An interesting finding, that a sunscreen chemical may be useful in treating multiple sclerosis, gave us an unexpected treat: an opportunity to pound the chemical-scares industry. The sunscreen ingredient, homosalate, like just about every other chemical in the world, has been called an "endocrine disruptor" by groups like EWG. Too bad the paper that's cited as proof shows that it's not one at all.
A strange but interesting paper by scientists at The University of Wisconsin, which just appeared in PNAS, examines whether two similar sunscreen chemicals, homosalate and octisalate, could be a possible treatment for multiple sclerosis (MS). (See my colleague Julianna LeMieux's companion article "Sunscreen, MS And A Scientific Finding That Is Hard To Believe" about the biological activity of the chemicals.)
Sunscreen chemicals that may be useful for treating MS. Octisalate (left) and homosalate (right) may look structurally dissimilar but are anything but. The salicylate group (red circle) is found in both molecules. The green and orange circles show corresponding carbon atoms in both molecules. They are actually very similar. Both chemicals belong to the class of salicylate ester, the simplest being methyl salicylate (oil of wintergreen).
Yet, the EWG (Environmental Working Group) and it's even-dumber cosmetics watchdog offshoot Skin Deep (1) has a problem with these chemicals, which is hardly surprising; they rate the chemicals as "moderate hazards". And why might that be? You probably guessed already. The EWG calls them:
Shocking! Photo: Wikipedia
Homosalate is a potential endocrine disruptor and studies in cells suggest it may impact hormones. In addition to direct health concerns following homosalate exposure, the chemical may also enhance the absorption of pesticides in the body.
Source: Campaign for Safe Cosmetics (2)
Talk about wishy-washy language! "May impact hormones?" "May also enhance the absorption of pesticides in the body?" That's not all that convincing, is it? Perhaps homosalate may also help the Knicks make the playoffs or change the tilt of the earth's axis (the latter is far more likely).
What is this statement based on? It turns out, not much. Let's take a look at the "evidence" of this endocrine disruption from the paper that these groups cite as proof that the various UV-filter (3) sunscreens will screw up your hormones. Try not to laugh.
The paper in question consists of two parts. One involves a series of in vitro (4) assays that measure whether the compounds in question induce estrogenic activity in isolated estrogen receptors. Six of six chemicals did so. The second part was designed to see if this translated into real-life estrogenic activity in zebrafish, which were genetically modified to contain a gene that makes it possible to measure whether the compounds affect the fish. None of the six compounds did anything.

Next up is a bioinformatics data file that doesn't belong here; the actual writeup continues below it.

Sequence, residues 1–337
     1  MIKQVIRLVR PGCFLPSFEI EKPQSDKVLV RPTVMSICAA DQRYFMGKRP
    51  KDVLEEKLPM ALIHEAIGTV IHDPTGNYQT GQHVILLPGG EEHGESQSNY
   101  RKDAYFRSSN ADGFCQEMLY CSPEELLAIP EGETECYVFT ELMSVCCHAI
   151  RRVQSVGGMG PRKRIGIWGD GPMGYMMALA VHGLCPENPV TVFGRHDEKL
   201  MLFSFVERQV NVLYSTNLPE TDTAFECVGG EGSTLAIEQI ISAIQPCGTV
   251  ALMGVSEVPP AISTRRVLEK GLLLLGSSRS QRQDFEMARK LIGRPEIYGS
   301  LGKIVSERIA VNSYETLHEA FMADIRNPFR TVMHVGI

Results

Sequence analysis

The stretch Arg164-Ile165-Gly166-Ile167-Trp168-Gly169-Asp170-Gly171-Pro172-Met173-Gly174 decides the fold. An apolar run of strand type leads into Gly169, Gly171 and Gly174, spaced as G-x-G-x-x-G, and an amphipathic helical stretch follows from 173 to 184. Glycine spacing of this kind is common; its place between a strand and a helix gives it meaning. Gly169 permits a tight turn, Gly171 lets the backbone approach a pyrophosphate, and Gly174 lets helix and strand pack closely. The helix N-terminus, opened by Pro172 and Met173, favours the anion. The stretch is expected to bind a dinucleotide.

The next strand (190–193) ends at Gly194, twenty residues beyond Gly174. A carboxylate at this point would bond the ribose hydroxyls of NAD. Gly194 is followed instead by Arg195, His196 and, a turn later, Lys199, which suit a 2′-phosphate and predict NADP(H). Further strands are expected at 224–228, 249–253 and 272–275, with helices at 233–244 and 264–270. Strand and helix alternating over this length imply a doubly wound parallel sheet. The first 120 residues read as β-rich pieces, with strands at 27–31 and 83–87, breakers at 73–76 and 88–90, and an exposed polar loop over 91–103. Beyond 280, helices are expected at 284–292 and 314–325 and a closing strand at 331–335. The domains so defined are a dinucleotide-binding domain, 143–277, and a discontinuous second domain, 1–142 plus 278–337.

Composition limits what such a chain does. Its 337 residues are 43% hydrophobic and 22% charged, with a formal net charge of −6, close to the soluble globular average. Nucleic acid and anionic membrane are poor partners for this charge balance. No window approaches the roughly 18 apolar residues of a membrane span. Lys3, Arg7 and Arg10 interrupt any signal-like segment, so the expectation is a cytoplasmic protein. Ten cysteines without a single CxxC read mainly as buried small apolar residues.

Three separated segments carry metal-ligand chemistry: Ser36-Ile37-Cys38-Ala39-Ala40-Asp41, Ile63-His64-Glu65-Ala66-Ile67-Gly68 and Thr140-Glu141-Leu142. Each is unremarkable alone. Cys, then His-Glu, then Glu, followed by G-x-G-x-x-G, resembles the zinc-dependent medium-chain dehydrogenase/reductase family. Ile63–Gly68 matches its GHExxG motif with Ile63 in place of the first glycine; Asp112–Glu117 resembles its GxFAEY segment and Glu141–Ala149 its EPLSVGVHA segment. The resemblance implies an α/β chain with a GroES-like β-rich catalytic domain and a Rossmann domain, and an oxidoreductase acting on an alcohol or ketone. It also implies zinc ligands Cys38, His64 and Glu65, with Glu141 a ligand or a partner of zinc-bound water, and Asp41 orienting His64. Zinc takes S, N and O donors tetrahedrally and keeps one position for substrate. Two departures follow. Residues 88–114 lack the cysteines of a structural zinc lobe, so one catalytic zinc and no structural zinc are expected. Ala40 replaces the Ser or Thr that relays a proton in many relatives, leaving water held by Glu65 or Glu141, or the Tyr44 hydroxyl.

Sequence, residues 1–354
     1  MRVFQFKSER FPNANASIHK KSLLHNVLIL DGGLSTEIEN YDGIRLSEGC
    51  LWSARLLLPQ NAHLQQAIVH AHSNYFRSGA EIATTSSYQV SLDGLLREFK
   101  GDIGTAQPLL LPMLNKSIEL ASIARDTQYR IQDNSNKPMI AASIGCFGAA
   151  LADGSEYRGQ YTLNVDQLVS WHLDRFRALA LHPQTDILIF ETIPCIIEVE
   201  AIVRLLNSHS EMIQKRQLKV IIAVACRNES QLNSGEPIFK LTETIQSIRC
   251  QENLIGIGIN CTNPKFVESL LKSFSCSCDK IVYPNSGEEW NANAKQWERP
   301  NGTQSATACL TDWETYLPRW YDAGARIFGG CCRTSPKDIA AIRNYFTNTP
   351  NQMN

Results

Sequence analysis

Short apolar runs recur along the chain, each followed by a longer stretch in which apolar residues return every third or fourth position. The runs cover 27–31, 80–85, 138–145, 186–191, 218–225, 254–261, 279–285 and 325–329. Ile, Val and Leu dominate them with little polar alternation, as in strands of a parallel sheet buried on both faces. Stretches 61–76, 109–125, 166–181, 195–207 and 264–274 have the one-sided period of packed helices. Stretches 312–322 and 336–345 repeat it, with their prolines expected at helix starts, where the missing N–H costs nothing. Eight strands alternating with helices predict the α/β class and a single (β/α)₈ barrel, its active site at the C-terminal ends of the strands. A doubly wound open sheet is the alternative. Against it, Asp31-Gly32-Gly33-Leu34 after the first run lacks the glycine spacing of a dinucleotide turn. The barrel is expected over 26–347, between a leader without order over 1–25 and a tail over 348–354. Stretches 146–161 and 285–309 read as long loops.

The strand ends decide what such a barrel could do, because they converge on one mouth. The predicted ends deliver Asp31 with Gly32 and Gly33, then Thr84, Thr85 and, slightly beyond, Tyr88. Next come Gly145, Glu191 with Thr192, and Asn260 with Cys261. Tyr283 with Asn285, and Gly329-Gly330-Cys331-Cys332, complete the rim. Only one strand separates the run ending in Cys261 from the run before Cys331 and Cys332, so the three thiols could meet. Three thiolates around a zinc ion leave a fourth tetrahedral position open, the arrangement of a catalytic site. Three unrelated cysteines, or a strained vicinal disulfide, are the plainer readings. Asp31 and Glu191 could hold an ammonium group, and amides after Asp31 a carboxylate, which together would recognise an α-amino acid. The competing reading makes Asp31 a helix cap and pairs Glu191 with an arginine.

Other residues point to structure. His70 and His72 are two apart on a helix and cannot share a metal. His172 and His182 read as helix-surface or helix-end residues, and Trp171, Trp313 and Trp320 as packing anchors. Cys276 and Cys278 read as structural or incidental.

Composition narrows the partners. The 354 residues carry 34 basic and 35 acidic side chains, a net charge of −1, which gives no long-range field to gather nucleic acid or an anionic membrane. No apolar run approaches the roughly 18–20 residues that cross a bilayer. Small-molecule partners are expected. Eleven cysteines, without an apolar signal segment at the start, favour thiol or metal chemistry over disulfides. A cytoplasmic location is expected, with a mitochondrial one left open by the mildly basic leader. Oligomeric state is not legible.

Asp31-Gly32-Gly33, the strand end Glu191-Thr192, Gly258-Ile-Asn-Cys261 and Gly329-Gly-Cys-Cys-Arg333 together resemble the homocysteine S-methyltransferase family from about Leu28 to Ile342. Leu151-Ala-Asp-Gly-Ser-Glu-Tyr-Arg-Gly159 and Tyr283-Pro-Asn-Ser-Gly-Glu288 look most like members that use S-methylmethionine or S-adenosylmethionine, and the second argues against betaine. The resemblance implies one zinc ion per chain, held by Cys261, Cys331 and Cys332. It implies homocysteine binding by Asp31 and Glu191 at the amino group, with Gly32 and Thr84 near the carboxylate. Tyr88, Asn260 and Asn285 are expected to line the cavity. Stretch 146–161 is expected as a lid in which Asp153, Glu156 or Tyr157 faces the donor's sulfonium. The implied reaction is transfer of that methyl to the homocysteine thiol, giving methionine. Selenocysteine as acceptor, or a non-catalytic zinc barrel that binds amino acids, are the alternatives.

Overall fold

In this transgenic zebrafish assay none of the compounds showed estrogenic activity.
Source: Arch Toxicol. 2002 Jun;76(5-6):257-61
Well, THAT'S sure good evidence, right? Endocrine disruptors that don't disrupt anything.
Photo: Jan Fennell the Dog Listener
Nice. But hardly unique. This is the kind of junk science that groups like EWG routinely use to scare people, and this is a great opportunity to point out how it's done. Pretty sleazy, no? It should make you wonder how many claims don't stand up when a light is shined upon them.
Sorry, dudes, You're busted. Lights out.
(1) This has always puzzled me. The human physiological response (if any) elicited by trace amounts of various chemicals is a medical issue, assuming that it is an issue at all. Please tell me how this is an environmental issue. Hint: it's not. So, why are environmental groups (EWG is not alone) with little or no expertise in medicine spending a whole lot of time writing about this? Why not neurosurgery or bunions? Makes no sense. Unless they have other reasons for doing this. I won't $peculate about this.
(2) The Campaign for Safe Cosmetics is an umbrella group, which consists of EWG and other screwball organizations. I am unaware of a "Campaign for Dangerous Cosmetics."
(3) There are two basic ways that sunscreens protect you. Some contain zinc or titanium oxides which act like face paint - physically blocking the UV radiation. The other kind are a group of chemicals which have specific properties that enable them to absorb UV radiation and convert it to heat. You don't want to know exactly how this works. Often both types are used together.
(4) In vitro means "outside the body." This broad term encompasses "test tube" test (which are run in small glass wells, not test tubes). These assays include isolated enzymes and receptors, and cell-based assays, in which given activities of compounds are measured in cultured cells. Cell-based assays are a better representation of what may occur in vivo (in a living organism.)